Yes, I'm a geek. But an unapologetic geek.

Saturday, December 4, 2010

A Trip into the Past, Fashion-Wise

On Thursday morning, I headed up to Easton, PA to be a model for a photo shoot for historical clothing. A friend of mine works for Reconstructing History, a company that specializes in creating historical wardrobe for either re-enacting events or costume balls. They make clothes from all different eras and countries, and they hired me to be the photo model for some of the outfits that they sell on their website. The clothes themselves are all beautiful and completely accurate reproductions; they do amazing work. After an hour of driving and an invigorating coffee, I got to the storefront in Easton, met Kass, (who owns the company), Bob (whose clothing I would be wearing), and Chris (the photographer.) We talked, got to know each other a little, and then we got down to work.

Over the next four hours, we worked hard and constantly. I had to get out of there around 2pm for another commitment, so we were shooting fast and hard. And I was having a lot of fun as we were going. I'm the sort of actor who responds very strongly to wardrobe and costuming. Whatever decisions I make about a character are always informed, and in some cases completely changed, when I get the character's clothes. I've been very protective of costumes in the past, including taking care of my own uniform when I played Iago, trying to get the outfit as comfortable and as lived-in as possible. Clothes really do make the man.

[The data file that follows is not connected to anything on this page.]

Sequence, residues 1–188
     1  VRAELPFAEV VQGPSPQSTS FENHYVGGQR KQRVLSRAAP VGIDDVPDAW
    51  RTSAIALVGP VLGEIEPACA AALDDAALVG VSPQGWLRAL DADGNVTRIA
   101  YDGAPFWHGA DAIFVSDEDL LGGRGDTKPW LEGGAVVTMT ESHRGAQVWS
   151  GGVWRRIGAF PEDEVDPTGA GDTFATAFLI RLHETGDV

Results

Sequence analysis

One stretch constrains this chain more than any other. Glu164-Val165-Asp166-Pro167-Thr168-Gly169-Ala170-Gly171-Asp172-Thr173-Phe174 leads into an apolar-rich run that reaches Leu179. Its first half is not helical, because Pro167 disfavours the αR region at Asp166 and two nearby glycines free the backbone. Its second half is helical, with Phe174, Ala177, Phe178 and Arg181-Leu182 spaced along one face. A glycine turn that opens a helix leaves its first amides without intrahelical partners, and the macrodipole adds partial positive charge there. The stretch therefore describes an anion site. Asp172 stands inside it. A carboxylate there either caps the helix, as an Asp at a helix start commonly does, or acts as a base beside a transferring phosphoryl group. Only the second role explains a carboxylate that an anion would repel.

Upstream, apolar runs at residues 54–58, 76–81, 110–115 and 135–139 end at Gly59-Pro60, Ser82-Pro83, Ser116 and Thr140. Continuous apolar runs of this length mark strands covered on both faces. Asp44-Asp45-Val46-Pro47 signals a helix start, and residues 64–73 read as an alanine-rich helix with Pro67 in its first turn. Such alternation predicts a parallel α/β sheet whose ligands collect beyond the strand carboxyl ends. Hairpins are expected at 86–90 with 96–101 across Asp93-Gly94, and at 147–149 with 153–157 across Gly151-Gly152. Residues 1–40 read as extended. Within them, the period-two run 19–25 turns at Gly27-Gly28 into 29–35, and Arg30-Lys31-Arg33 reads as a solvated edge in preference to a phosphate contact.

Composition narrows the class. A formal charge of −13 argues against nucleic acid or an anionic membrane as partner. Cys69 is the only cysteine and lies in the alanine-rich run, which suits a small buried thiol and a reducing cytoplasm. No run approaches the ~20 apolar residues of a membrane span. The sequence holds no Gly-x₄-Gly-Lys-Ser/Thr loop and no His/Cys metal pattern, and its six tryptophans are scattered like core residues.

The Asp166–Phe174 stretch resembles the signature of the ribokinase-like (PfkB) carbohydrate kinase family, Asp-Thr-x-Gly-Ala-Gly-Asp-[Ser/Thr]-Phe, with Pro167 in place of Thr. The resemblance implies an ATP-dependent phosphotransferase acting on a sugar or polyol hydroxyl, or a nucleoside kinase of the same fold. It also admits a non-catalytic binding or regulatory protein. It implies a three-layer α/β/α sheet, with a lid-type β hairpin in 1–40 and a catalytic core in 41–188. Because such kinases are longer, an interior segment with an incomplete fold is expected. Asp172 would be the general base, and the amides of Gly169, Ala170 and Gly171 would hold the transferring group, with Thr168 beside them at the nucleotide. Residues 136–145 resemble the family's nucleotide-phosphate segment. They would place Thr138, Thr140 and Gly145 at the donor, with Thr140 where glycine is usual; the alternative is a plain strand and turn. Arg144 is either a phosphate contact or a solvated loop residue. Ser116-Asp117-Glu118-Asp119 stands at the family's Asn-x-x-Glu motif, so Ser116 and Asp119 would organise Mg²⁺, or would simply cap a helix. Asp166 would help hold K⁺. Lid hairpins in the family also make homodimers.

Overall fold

The photographer was really great, and we worked on putting a lot of character into the still photos. I had to show off the clothing, but I had to do that by fully inhabiting and creating the character who would wear those clothes. We used props, different poses, and lots of hats poised on my head at rakish angles (because they didn't fit on my head.) The official photos will be posted on their website (www.reconstructing history.com), but they did allow me to take some photos of my own of some of the different outfits I modeled. This was in exchange for plugging their website. Did I mention that the website is www.reconstructinghistory.com? Go visit them now.

And here are some pictures. First up is a formal dinner outfit, complete with tails, hat, and legitimate stiff-front shirt.